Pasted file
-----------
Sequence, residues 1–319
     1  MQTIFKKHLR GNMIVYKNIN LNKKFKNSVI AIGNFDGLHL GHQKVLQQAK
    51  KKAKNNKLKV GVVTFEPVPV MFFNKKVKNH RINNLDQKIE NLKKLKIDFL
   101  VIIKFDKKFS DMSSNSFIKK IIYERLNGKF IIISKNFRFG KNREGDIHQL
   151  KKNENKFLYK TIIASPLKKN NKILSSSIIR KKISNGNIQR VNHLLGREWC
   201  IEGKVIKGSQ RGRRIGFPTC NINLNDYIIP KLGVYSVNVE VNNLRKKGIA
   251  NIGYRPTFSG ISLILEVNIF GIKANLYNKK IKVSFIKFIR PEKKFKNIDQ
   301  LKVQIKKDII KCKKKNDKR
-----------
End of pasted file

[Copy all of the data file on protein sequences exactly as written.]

Sequence, residues 1–319
     1  MQTIFKKHLR GNMIVYKNIN LNKKFKNSVI AIGNFDGLHL GHQKVLQQAK
    51  KKAKNNKLKV GVVTFEPVPV MFFNKKVKNH RINNLDQKIE NLKKLKIDFL
   101  VIIKFDKKFS DMSSNSFIKK IIYERLNGKF IIISKNFRFG KNREGDIHQL
   151  KKNENKFLYK TIIASPLKKN NKILSSSIIR KKISNGNIQR VNHLLGREWC
   201  IEGKVIKGSQ RGRRIGFPTC NINLNDYIIP KLGVYSVNVE VNNLRKKGIA
   251  NIGYRPTFSG ISLILEVNIF GIKANLYNKK IKVSFIKFIR PEKKFKNIDQ
   301  LKVQIKKDII KCKKKNDKR